How Does Crypto Stack Up Against Other Payment Methods in The Offline World?

Cryptocurrency might feel like it’s been around forever, but really it’s still a very young technology. Less than a decade old, it’s already firmly established as a concept and well-known around the world.

But, like all infant technologies, there remains a fair bit of uncertainty around crypto. It often seems like the industry is still working out exactly what it wants to be, which features and use cases it will develop and which ones it will leave behind.

One of the core features of cryptocurrency is, of course, its application as an actual currency, a means of payment for goods and services both online and offline. But we still seem to be a long way from this becoming a reality.

New ICOs and blockchain innovations spring up all the time, and yet it’s still relatively uncommon to find a shop in your local town or city which is prepared to accept payment in cryptocurrency.

Are these businesses missing out by not accepting crypto payments? To find out, we’ll need to dive into the advantages that cryptocurrency offers over traditional payment methods.

Crypto vs. the alternatives

When we compare cryptocurrency to the original payment method, cold hard cash, the differences are pretty stark. Cryptocurrency doesn’t have the same reassuring, tangible qualities as a dollar bill, but it brings convenience and versatility.

You don’t have to carry around a wad of cryptocurrency, and you don’t need to wait for change either. It’s also less susceptible to be stolen from you. But these advantages aren’t unique to crypto; they’re shared with pretty much all electronic payment methods.

So let’s move onto credit card and VISA payments. These are more established and widely used than crypto, but they still lose out in a number of areas. For one, credit card transaction fees can be higher for both buyers and sellers, and innovations in the crypto space are aiming to make this difference even bigger.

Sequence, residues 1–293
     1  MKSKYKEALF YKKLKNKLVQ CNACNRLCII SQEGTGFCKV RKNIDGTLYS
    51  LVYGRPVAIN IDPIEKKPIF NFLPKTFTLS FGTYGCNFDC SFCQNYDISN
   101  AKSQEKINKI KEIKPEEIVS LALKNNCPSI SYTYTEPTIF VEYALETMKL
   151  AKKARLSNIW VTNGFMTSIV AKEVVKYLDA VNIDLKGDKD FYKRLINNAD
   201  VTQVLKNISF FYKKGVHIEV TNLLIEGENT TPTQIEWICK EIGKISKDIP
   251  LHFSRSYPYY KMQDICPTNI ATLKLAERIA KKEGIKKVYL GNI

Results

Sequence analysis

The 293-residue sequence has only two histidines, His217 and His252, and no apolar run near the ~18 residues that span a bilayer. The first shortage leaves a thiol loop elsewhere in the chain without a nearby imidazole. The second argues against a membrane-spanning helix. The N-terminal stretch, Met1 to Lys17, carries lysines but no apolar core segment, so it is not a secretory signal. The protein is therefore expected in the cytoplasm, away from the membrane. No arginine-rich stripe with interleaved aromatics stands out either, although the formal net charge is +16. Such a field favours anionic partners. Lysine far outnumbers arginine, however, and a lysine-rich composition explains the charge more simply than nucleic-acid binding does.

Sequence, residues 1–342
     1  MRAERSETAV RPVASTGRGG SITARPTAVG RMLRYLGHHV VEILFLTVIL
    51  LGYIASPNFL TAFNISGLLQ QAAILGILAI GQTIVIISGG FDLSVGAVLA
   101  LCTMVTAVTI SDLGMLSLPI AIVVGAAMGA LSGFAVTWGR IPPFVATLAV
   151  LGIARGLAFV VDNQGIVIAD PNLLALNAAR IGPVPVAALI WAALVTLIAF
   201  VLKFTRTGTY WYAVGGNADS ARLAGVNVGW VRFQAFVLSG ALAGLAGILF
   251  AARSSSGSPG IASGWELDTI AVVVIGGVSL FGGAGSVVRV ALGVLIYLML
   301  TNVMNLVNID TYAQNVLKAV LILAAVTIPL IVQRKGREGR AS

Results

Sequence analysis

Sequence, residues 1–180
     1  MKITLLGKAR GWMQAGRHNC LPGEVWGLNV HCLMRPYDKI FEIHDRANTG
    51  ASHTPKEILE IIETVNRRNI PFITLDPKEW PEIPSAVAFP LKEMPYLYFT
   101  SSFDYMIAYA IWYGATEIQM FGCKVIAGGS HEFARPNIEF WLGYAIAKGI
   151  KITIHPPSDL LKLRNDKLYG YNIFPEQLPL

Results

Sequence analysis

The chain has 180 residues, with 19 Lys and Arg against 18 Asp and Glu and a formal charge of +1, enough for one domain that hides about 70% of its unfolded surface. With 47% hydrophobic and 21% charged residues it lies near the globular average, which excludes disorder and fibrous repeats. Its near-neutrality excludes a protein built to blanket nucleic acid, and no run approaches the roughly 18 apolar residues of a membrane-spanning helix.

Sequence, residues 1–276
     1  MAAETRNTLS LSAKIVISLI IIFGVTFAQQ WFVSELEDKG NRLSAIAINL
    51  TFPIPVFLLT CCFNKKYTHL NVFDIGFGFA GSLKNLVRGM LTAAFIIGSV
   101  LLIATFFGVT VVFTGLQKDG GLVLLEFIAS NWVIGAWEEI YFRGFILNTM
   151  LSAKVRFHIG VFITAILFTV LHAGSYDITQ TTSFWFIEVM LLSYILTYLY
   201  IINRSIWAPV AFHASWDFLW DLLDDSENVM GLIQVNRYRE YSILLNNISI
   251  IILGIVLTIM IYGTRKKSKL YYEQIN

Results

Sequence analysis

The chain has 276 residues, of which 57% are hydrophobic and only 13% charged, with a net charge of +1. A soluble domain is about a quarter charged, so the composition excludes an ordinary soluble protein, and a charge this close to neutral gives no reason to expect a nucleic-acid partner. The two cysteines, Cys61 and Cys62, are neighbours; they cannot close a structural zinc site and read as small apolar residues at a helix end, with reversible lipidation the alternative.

There’s also the issue of security — crypto is based in blockchain technology which is incredibly tough to corrupt or hack. It’s transparent so transactions can be easily followed, and chargebacks (a massive problem for small businesses) become a thing of the past as users can’t spend more crypto than they currently own.

Because crypto doesn’t rely on third parties, there’s a whole lot of unnecessary expense and bureaucracy cut out of the process. It’s more efficient and gives more freedom to the user. There’s also no need to share personal information when making payments.

This airtight security puts crypto above payment agents like PayPal and Stripe too when it comes to safety and peace of mind. It also offers a potentially much more affordable system.

So, after taking these advantages into account, why isn’t crypto being embraced by business owners and merchants everywhere? Well, there are two main reasons for this.

Why crypto still isn’t universally beloved

The first main reason why crypto isn’t commonplace in the offline world comes down to transaction times. Right now, these aren’t where they need to be. In fact, transactions can take upwards of an hour during busy periods, thanks to a range of factors.

This is enormously frustrating in an offline environment, as it can lead to customers waiting around for a long time while their payment processes. It’s annoying for buyers, and it’s just bad for business.

The second issue is volatility. Cryptocurrencies are popular targets for speculation because they can gain a lot of value in a short space of time. The unfortunate flipside is that they can also lose a lot of value in that time.

If a merchant accepts payment in crypto offline, they may not be able to exchange it for a long time. During that time, it could lose an awful lot of value. Again, not great for business.

So how do we solve these two big issues?

One company, T.OS, has its own innovative answer. Users can buy one of their coins, TOSC, at online exchanges. It’s built for quick transactions, but it’s as prone to price fluctuation as other cryptocurrencies.

So, to beat the volatility problem, users can exchange TOSC for another coin, TOSP, at special exchanges (there’s one in Singapore right now). TOSP is not volatile, it has a fixed price pegged to a local fiat currency. That means 1 TOSP in New York would be worth 1 USD, while in Toronto it would be worth 1 CAD.

By tackling the issues of volatility and long transaction times, it’ll be possible to encourage offline businesses to accept cryptocurrency and enjoy all the advantages it brings.